|Figure 1: Effect of Phytocee™ Cool on carbon tetrachloride induced lipid peroxidation in rat liver|
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The mean serum ALT and AST levels, markers for hepatic tissue damage are depicted in [Figure 2]. Administration of CCl 4 to rats significantly (P ≤ 0.05) increased the activity of serum hepatic marker enzymes when compared to normal control, whereas serum ALT and AST levels decreased significantly (P ≤ 0.05) in groups pretreated with Phytocee™ Cool when compared to CCl 4 group.
The free radical induced hepatotoxicity of CCl 4 showed a significant decrease in SOD levels, nonsignificant decrease in catalase levels and significant increase in the GSH levels when compared to normal control group. However, Phytocee™ Cool pretreatment significantly increased SOD activity at all dose levels and catalase activity at a dose of 100 mg/kg, conversely hepatic levels of GSH were decreased as compared to CCl 4 treated group [Table 1].
|Table 1: Effect of Phytocee™ Cool on CCl4 induced changes in reduced GSH, SOD and catalase of rat liver|
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|Figure 2: Effect of Phytocee™ Cool on carbon tetrachloride induced rise in serum alanine aminotransferase and aspartate aminotransferase in rats|
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| Discussion|| |
Stress is of major concern for poultry production systems, as birds are exposed routinely to an array of stressors such as immunization, high and low environmental temperatures, preslaughter holding etc., As a consequence of stress, release of oxidants, imbalance between oxidants and in vivo antioxidants occurs at the cellular level leading to modification of cellular macromolecules, cell death by apoptosis or necrosis and structural tissue damage. Eventually the cellular level damage leads to reduced performance, health as well as serious economic losses. Control of oxidative stress related damage has led to a substantial increase in the use of antioxidant feed supplements in poultry diet ,, since high antioxidant status is observed as one of the most important factors positively affecting bird's performance in the poultry industry. , With the growing interest in natural feed supplements, poultry farming has been seeking sources of natural antioxidants. Considering the aforementioned facts, the present study investigated the antioxidant potential of a unique polyherbal formulation Phytocee™ Cool in rats.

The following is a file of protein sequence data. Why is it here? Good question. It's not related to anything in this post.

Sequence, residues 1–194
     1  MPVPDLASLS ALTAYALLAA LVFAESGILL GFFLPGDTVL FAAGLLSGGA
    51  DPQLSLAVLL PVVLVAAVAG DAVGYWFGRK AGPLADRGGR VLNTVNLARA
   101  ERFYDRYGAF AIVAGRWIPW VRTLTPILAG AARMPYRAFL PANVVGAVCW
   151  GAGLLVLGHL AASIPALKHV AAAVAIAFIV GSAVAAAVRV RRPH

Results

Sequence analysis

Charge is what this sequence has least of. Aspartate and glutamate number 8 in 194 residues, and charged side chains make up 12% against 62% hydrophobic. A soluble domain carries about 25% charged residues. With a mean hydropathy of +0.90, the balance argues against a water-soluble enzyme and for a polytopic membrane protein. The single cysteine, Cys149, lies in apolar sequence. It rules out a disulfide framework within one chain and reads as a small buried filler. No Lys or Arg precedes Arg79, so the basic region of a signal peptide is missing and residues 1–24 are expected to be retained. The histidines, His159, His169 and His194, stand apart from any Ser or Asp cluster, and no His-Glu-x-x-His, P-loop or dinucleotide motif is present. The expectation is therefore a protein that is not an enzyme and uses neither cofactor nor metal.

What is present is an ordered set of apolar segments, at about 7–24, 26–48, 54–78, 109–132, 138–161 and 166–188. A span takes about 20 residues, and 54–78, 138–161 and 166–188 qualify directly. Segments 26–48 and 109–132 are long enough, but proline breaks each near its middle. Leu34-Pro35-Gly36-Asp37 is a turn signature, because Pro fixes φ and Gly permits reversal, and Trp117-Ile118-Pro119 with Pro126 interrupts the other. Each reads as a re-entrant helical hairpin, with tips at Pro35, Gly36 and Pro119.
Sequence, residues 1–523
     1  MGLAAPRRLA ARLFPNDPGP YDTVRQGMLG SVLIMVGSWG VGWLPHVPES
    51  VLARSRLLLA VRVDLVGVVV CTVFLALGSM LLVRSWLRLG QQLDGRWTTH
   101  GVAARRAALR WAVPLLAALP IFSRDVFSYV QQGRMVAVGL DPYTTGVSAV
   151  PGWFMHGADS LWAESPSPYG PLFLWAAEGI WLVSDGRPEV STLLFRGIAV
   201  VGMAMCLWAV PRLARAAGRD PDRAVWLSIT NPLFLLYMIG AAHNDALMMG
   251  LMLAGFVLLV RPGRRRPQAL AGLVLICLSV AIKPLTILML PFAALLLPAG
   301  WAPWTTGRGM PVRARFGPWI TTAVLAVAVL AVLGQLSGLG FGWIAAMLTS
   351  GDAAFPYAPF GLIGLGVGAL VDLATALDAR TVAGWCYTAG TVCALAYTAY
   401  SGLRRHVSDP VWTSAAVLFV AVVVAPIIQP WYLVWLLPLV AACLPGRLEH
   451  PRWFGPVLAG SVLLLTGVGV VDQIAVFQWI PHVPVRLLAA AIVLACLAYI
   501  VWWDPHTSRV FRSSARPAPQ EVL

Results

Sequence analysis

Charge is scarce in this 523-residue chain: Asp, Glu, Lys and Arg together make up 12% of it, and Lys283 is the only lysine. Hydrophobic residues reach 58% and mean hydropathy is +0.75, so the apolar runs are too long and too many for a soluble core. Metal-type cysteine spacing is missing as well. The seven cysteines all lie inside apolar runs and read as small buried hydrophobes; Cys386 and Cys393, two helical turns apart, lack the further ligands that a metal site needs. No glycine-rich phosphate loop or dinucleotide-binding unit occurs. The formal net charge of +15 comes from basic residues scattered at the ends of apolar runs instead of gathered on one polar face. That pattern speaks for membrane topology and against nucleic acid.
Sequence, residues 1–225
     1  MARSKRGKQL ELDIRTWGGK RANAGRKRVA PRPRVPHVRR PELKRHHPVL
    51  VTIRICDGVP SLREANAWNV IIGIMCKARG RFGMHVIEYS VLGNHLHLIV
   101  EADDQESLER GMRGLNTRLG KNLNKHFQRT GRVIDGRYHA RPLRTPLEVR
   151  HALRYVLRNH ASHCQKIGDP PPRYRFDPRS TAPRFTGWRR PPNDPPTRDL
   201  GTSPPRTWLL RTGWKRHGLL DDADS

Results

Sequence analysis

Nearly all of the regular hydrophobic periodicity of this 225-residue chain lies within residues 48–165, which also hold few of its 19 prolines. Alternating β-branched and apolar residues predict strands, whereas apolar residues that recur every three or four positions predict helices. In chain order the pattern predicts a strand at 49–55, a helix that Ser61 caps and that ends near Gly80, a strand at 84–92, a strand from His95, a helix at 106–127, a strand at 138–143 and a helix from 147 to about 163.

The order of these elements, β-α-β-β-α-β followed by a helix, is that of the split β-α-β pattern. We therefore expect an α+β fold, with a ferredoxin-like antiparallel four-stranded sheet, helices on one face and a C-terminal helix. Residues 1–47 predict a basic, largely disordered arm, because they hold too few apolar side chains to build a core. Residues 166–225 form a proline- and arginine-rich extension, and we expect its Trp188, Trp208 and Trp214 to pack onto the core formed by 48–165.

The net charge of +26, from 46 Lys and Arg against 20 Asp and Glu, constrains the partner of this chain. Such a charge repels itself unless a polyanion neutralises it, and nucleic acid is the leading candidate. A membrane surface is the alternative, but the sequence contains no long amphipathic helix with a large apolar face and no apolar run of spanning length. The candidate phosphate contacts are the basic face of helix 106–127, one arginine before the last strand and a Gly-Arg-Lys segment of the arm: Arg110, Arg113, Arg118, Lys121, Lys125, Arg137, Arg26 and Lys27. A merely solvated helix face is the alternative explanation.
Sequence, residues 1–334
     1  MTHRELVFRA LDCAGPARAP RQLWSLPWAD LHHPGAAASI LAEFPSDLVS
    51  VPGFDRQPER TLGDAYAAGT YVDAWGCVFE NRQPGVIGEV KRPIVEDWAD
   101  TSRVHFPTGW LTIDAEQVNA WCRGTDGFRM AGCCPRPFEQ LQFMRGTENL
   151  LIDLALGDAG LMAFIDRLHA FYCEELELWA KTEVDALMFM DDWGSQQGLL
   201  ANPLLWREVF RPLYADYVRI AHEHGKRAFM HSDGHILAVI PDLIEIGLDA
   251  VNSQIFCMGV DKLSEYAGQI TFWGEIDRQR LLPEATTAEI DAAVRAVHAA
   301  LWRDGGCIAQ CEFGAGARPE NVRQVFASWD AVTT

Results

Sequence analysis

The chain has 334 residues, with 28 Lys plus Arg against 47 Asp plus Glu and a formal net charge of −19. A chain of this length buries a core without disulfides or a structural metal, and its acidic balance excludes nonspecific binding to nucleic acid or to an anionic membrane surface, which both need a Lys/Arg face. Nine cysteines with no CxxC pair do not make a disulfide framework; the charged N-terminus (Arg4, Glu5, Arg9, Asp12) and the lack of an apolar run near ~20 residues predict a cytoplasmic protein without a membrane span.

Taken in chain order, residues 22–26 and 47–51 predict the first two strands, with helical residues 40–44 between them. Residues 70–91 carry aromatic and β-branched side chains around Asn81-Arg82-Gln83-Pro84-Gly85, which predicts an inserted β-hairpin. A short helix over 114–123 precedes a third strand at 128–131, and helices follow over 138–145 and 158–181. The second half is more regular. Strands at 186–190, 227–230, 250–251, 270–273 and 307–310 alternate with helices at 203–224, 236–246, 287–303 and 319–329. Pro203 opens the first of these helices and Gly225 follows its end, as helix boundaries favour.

In this study, oxidative stress and liver injury was induced in rats by the administration of CCl 4 which is one of the well-recognized and widely used animal models to investigate the antioxidant and hepatoprotective effects of substances. ,, CCl 4 induced oxidative stress is dependent on the bioactivation of CCl 4 to trichloromethyl radical (CCl 3 ) and trichloromethylperoxyl radicals. The initial step of biotransformation is the cytochrome P450 dependent reductive dechlorination of CCl 4 to CCl 3 that may form adducts with lipids and proteins or is trapped by molecular oxygen to form trichloromethylperoxyl radical (CCl 3 OO). , CCl 3 OO is more reactive and interact with lipids, causing lipid peroxidation along with the production of 4-hydroxyalkenals. , Earlier studies on natural products that showed protective effect against CCl 4 induced hepatotoxicity attributed the protective mechanism to antioxidant property of natural products. , Hence, attenuation of CCl 4 induced oxidative stress by Phytocee™ Cool directly connotes its antioxidant effect.
The active radical metabolic intermediates of CCl 4 covalently bind to macromolecules such as lipids, produce hepatic lipid peroxidation. These free radicals attack polyunsaturated fatty acids (PUFA) to generate lipid peroxides, which are highly instable resulting in breakdown products such as reactive aldehydes (MDA), 4-hydroxyneonal or acrolein.  MDA, one of the end products of PUFA peroxidation is considered as a marker for lipid peroxidation. The level of MDA reflects extent of lipid peroxidation in hepatocytes.  In the present study, MDA levels in the liver homogenates of rats challenged with CCl 4 were significantly increased. However, the increase in the MDA levels were significantly prevented in the rats pretreated with Phytocee™ Cool indicating the ability of Phytocee™ Cool to break the chain reaction of lipid peroxidation. Furthermore, the lipid peroxidation in CCl 4 challenged rats lead to substantial increase in the serum ALT and AST concentrations. The increase in ALT and AST indicate considerable hepatocellular damage as these enzymes are normally localized in the cytoplasm and are released into the circulation after occurrence of cellular damage. , The serum enzyme levels in the groups pretreated with Phytocee™ Cool were significantly low indicating that Phytocee™ Cool was able to prevent the leakage of enzymes in the cytosol to circulation by protecting the hepatic cell membranes from CCl 4 induced oxidative damage. Thus, CCl 4 induced significant hepatocellular damage as evident from hepatic MDA levels coupled with marked elevation of AST and ALT enzymes, while Phytocee™ Cool pretreatment demonstrated substantial protection against oxidative stress and hepatocellular damage.